Immunohistochemical staining was performed (table 11);); low‐molecular weight keratin, high‐molecular weight human kininogen, cytokeratin 7 and cytokeratin 14 had a mixed but mostly positive reaction in the three areas. P63 was positive in the solid and cystic areas. Epithelial membrane antigen and monoclonal CEA were positive in the area with eccrine ductal proliferation. Epithelial membrane antigen and carcinoembryonic antigen also showed focal positivity, especially in the tubular structures, in the cystic and solid areas. Periodic acid Schiff (PAS) showed a positive reaction with the peripheral hyalinised mantle surrounding the palisading cells of the solid area, and a positive cytoplasmic granular pattern in the clear areas. These granules were diastase sensitive, indicating glycogen deposition. Colloidal iron staining demonstrated mucin deposition in the peripheral stroma surrounding the solid area. MIB1 (a proliferation marker) showed an increased labelling index (~30%), especially in the solid area (fig 33).). CK20, Ber Ep4, oestrogen and progesterone immunostains were negative in the whole lesion.
The histological and immunohistochemical features of this lesion demonstrate a proliferating adnexal tumour, which shows a mixture of hair follicular and eccrine gland differentiation, partly resembling syringocystadenoma papilliferum, trichilemmoma and a tumour of proliferating eccrine ductal elements. This type of lesion is best described as a proliferating composite adnexal tumour.
There was no evidence of disease recurrence or metastases 4 months after complete excision.
The occurrence of SCAP and composite adnexal tumours of the skin in the external male genitalia is extremely rare, and has only been reported in the scrotum,10,11,12 with no cases reported in the penis. In our patient, there was a composite adnexal tumour removed from the ventral aspect of the penis, showing a combination of SCAP, trichilemmoma and eccrine ductal proliferation.
SCAP is a benign adnexal tumour commonly occurring on the scalp or face, usually in association with nevus sebaceous of Jadassohn. It is characterised by two‐cell‐layered lining papillary projections and stroma filled with plasma cells. SCAP is variably considered to be derived from eccrine, apocrine or apoeccrine origins.1,2 Trichilemmoma is a benign adnexal tumour derived from the external hair sheath.1 It consists of multiple lobules of epithelial cells appearing like an outer root sheath, generally showing pronounced clear cell change. The lesion is bounded by a thickened basement membrane, and the cells in the outer layer are palisaded. When lesions are multiple, a clinical association with various tumours occurs, as in Cowden's disease.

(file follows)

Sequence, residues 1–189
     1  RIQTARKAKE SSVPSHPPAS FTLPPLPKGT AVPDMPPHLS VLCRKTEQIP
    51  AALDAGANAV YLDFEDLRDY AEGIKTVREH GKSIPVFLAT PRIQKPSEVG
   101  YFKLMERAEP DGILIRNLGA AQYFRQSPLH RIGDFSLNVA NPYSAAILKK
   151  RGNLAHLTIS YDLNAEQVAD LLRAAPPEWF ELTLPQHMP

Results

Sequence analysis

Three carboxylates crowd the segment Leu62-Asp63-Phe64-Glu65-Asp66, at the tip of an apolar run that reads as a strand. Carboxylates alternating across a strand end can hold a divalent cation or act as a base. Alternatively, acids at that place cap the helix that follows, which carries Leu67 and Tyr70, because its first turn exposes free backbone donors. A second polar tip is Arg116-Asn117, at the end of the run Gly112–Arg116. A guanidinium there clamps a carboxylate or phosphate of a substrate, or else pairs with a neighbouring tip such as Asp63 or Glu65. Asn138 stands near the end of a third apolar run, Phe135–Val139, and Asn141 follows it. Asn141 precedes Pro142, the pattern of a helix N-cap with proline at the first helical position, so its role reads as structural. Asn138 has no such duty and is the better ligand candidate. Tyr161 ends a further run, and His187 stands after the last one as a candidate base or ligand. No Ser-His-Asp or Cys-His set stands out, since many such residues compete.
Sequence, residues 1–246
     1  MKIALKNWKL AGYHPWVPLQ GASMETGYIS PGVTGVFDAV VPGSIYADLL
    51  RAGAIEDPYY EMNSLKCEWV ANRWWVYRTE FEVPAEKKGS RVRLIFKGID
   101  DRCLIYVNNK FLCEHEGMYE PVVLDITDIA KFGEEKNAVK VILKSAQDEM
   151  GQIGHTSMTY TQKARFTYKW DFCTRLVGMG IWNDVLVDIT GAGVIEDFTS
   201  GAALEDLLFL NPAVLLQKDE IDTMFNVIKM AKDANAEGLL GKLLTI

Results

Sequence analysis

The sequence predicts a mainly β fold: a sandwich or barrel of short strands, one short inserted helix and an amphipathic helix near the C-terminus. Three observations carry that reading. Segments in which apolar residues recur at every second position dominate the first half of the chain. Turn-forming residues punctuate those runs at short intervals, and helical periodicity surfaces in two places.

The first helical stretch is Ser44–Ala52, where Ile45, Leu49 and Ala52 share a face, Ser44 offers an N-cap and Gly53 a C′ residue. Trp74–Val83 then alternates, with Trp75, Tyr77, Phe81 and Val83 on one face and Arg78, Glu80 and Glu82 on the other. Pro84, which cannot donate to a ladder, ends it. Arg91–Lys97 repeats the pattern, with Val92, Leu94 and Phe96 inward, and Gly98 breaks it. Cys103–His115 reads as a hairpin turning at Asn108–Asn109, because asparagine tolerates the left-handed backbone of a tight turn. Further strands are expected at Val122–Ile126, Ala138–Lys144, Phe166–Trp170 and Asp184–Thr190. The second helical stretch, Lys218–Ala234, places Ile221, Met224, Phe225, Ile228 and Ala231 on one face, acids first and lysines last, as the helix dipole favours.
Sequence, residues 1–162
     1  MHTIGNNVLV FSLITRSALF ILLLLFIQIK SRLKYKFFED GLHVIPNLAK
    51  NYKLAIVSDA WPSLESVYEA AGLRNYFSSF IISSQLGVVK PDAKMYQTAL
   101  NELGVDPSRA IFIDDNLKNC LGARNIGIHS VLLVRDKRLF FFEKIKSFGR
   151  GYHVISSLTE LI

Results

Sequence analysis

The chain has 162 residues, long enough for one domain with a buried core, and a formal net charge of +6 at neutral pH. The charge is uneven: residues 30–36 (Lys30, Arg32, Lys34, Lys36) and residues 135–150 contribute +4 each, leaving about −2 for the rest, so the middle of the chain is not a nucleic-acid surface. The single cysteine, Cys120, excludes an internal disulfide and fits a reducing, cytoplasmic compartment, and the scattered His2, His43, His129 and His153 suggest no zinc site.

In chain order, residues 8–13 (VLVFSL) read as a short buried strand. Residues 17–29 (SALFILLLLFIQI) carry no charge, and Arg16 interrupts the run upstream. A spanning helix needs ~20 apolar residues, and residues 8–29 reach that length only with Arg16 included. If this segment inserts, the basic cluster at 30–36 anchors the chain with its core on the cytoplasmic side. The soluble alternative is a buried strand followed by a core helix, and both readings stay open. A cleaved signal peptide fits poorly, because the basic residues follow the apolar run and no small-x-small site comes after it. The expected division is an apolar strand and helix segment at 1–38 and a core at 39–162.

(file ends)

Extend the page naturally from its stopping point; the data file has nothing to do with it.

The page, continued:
SCAP has been described in association with other adnexal tumours, such as tubular apocrine adenoma,13 papillary eccrine adenoma,11 apocrine cystadenoma14 and tubulopapillary hidradenoma.15 The association of SCAP and trichilemmoma has been reported only three times previously, always in association with nevus sebaceous of Jadassohn, and the reported lesions were not located in the genital area.16,17,18
To our knowledge, the association between SCAP, trichilemmoma and eccrine ductal proliferation has not been reported previously. The occurrence of these three elements together in one lesion can be explained by the common embryological origin of these structures in the primary epithelial germ of the superficial ectoderm.2
Owing to the rarity of these tumours, and the unusual location seen in our patient, the biological behaviour of this lesion is uncertain. However, the patient did not show evidence of disease recurrence or metastases 4 months after excision.
Although this is the first description of a composite adnexal tumour of the skin arising in the penis, the present case also highlights the difficulties encountered in the classification of some benign skin adnexal neoplasms, where more than one cell lineage is encountered. We also recommend the terminology of “composite adnexal tumours of the skin”, to reflect their common embryological origin, and the potential variable combination of eccrine, apocrine, sebaceous and hair follicular differentiation.
Competing interests: None.